A study has identified the changes in behaviour that donkeys show when they’re relieved from pain.

The research was funded by The Brooke and conducted by The Brooke Pakistan and University of Bristol.

The research, funded by international equine welfare charity The Brooke, and conducted by The Brooke Pakistan and the University of Bristol, will help improve welfare for animals across the world.

There are more than 40 million donkeys working in extreme conditions around the world every day, supporting the livelihoods of millions of people. The study, titled ‘Identifying behavioural differences in working donkeys in response to analgesic administration’ aimed to record behaviour displayed by donkeys when they are in pain.

It involved giving a single dose of proprietary oral anti-inflammatory drug to 20 donkeys suffering from common medical conditions, including poor hoof quality, wounds and lameness. A placebo was given to 20 other donkeys suffering from a similar range of medical conditions.

Before receiving either the proprietary medication or a honey and water solution, donkeys showed a variety of different behaviours, including closing their eyes for lengthy periods, dozing on their feet, and lowering their heads. The results indicated that afterwards, the group that received the medication showed a decrease in all these behaviour traits, and an increase in alertness.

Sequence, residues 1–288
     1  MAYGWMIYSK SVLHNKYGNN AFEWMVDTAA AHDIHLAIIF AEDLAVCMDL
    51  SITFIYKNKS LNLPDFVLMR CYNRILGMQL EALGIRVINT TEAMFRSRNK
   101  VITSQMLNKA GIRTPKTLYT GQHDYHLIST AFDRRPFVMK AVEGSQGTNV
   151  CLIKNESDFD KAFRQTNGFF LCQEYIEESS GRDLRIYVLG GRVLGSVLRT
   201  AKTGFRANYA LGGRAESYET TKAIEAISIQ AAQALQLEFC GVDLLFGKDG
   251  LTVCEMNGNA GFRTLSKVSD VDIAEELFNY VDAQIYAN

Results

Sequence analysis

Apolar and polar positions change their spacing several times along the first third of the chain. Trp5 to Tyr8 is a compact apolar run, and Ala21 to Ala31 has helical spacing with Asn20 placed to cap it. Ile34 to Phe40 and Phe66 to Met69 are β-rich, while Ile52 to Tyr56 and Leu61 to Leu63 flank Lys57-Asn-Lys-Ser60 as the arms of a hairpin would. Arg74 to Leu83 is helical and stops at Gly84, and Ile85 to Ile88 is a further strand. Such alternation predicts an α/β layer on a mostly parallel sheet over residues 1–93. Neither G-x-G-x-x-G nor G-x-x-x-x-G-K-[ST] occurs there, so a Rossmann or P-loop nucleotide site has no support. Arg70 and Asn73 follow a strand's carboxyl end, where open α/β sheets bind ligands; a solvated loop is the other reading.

The findings of the study will be used by The Brooke to inform staff working in field programmes to more effectively help working donkeys, and also to enable them to train owners to recognise when their donkey is suffering and needs help.

Melissa Upjohn, research coordinator for The Brooke said: “It is recognised that donkeys’ response to pain is different from horses and the behavioural traits they display can be more subtle, so it can be challenging to identify when they are in pain.

“We’re delighted it’s been possible to generate evidence about the way they behave in response to pain, most importantly, because when we’re working with donkeys and training owners and community health service providers, we can more accurately recognise how donkeys act when they’re ill or injured.”

The full text is available to view at the Wiley online library.

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